The Corner

My Heavy Burden

A French emailer blames my book for destroying “the union of the western

civilisation and eventually of democracy.” But the first sentence is the best one. Maybe it should go on the paperback edition.

Dear Sir,

I am french and I am outraged by this book you just

wrote. I don’t know what your intentions are, but I

can see nothing good in calling another country “the

oldest ennemy”.

This very title is proven wrong right away by the

small excerpt presented online. You rightly remind

that Chirac was the first foreign leader on ground

zero. You could have call it “the new enemy”. I still

would have hated the intention, but at least it

wouldn’t be misleading for the many who will not read

the book and don’t know anything about history. It

sounds like you made an historical research and found

out that France really has been an ennemy over time,

which is false: you are only studying the last 4

years!!

We are thankful for what the US did in WWII, but we

gave our lives for your freedom long before you did

for us. Do I have to remind you that France helped

liberating the US in the first place? So no doubts we

don’t owe you anything but friendship.

I won’t bother you much more with my views, which you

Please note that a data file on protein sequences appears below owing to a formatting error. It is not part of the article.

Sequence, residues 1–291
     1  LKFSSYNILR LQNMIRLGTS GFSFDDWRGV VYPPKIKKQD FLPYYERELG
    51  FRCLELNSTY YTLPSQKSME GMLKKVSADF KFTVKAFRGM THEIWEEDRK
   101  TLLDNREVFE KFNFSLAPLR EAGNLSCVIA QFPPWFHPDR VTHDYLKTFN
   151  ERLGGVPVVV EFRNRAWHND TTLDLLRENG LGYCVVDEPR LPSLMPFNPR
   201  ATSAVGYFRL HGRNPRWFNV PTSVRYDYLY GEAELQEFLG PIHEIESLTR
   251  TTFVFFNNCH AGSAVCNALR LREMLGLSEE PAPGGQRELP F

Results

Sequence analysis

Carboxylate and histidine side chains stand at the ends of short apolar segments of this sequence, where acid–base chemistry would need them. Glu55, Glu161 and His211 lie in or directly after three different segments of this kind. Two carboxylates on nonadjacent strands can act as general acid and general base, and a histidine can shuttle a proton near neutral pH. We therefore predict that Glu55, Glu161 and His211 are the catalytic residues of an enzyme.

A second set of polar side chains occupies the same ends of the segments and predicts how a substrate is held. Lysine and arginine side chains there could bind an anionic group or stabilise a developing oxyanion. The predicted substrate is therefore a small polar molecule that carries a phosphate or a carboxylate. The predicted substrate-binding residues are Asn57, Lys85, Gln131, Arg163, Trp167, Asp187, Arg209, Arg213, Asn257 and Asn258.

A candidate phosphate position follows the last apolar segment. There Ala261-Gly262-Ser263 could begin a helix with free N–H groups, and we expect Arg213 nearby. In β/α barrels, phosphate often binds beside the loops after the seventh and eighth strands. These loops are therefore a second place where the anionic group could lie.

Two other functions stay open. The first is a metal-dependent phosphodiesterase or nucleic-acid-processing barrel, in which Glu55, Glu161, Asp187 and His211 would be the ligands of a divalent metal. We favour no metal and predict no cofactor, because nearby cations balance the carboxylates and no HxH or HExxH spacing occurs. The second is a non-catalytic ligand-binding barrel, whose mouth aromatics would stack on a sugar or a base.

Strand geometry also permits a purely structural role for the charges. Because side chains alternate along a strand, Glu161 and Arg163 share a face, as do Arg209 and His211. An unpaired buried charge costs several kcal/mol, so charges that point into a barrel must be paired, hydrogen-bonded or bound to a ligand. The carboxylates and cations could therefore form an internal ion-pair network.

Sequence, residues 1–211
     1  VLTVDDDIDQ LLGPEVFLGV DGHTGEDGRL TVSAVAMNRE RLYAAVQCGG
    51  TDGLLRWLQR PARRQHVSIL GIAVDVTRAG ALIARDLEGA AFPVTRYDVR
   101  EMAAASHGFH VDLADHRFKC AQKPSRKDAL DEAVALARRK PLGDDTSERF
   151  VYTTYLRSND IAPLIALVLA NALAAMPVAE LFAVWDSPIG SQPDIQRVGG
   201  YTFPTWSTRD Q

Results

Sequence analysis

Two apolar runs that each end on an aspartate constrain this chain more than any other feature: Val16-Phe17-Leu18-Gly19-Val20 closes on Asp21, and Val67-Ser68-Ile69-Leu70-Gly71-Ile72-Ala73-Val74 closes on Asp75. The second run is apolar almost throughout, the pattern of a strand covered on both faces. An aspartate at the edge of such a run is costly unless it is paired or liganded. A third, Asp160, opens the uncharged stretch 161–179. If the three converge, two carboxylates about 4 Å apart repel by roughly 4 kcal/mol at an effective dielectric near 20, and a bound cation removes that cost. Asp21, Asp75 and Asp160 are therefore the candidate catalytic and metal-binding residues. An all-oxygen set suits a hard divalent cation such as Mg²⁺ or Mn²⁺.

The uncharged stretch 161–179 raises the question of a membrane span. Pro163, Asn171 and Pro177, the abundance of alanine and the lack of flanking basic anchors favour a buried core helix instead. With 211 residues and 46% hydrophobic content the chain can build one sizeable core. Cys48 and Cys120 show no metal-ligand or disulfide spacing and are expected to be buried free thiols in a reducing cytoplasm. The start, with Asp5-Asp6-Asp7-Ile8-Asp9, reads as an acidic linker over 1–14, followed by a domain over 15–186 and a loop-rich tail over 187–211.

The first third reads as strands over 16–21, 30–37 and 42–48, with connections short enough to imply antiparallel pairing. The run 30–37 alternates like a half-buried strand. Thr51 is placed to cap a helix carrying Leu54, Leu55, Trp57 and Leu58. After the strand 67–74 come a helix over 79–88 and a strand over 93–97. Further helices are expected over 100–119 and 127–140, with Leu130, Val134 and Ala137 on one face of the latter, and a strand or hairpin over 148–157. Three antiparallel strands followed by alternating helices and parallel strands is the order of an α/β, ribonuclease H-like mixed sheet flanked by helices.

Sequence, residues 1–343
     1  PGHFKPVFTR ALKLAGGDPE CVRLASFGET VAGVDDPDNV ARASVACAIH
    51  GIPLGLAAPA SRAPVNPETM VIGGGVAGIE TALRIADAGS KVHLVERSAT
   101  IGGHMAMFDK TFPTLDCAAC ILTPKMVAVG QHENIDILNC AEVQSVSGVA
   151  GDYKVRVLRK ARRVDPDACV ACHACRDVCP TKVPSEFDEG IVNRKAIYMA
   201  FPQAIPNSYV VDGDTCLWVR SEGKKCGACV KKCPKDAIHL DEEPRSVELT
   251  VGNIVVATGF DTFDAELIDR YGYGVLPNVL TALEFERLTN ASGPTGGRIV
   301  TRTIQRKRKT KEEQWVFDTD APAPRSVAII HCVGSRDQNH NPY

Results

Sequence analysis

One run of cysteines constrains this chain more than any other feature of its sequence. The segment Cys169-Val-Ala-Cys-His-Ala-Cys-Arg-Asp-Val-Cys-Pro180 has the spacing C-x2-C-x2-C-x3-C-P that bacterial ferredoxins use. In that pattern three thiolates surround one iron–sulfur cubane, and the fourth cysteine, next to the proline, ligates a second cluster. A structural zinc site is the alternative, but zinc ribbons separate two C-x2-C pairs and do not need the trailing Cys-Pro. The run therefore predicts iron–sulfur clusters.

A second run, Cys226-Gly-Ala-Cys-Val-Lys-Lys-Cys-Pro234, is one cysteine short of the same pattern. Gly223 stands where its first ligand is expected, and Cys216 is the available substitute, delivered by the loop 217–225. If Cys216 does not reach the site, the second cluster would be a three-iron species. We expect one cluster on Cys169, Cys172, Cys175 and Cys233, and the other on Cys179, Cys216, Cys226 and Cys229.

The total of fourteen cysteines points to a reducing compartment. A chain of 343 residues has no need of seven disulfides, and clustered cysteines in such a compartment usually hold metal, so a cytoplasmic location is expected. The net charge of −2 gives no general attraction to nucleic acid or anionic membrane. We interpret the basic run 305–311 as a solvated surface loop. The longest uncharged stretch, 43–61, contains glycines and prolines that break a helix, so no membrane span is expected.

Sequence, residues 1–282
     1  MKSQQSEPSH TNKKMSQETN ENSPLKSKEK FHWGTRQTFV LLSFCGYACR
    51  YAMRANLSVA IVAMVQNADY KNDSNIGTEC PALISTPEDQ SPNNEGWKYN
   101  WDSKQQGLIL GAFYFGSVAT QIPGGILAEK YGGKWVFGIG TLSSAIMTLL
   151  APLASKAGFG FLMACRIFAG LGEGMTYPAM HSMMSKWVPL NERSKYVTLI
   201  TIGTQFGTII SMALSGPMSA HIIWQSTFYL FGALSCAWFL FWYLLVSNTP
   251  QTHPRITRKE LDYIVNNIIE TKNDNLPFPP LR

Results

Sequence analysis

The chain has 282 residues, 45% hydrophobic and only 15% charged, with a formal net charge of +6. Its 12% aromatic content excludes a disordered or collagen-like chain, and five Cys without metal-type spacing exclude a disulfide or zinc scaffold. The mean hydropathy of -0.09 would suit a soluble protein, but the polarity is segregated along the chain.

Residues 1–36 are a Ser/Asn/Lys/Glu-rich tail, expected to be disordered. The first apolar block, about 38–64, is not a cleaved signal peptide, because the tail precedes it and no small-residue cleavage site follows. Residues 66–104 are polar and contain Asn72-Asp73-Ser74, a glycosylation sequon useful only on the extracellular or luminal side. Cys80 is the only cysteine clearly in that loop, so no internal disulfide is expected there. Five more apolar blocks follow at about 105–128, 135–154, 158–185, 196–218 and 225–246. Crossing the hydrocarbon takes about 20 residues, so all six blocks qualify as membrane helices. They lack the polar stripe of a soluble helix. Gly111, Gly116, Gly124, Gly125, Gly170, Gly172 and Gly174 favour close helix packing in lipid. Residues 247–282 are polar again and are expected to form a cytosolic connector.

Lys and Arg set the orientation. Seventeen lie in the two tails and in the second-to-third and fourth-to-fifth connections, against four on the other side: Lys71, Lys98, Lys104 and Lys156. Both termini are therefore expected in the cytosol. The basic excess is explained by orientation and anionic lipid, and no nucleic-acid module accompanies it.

probably don’t care about anyway since I’m one of

those “enemy”, but I just want you to know that France

will always be on the side of Liberty and Human

Rights, and that we are actually proud to be

considered like an enemy by people like you. The

parallel you’re making with Ivory Coast only proves

your total ignorance of History and Africa. Today, the

UN security council gave an UNANIMOUS (US included)

clearance of french action in this country. The same

cannot be said over Irak!

The US are falling in the trap of Ben Laden, and only

religious fanatics can buy it so easily and forget

about international law for example! Your work will

contribute to the end of the union of the western

civilisation and eventually of democracy. You can be

proud!

No salutation.

[name withheld]

John J. Miller, the national correspondent for National Review and host of its Great Books podcast, is the director of the Dow Journalism Program at Hillsdale College. He is the author of A Gift of Freedom: How the John M. Olin Foundation Changed America.

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